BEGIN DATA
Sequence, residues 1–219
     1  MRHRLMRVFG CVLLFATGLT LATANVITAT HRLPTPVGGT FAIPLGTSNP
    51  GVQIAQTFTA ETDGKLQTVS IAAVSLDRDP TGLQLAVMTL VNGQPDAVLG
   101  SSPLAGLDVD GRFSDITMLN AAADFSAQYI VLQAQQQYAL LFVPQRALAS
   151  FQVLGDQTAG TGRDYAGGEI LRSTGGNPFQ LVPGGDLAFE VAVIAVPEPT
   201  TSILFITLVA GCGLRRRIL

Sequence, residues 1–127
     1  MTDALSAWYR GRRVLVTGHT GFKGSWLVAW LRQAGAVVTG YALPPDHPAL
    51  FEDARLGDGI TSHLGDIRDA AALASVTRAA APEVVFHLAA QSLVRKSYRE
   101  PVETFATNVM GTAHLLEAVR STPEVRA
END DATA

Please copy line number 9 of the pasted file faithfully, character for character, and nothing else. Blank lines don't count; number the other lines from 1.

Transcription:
    51  FEDARLGDGI TSHLGDIRDA AALASVTRAA APEVVFHLAA QSLVRKSYRE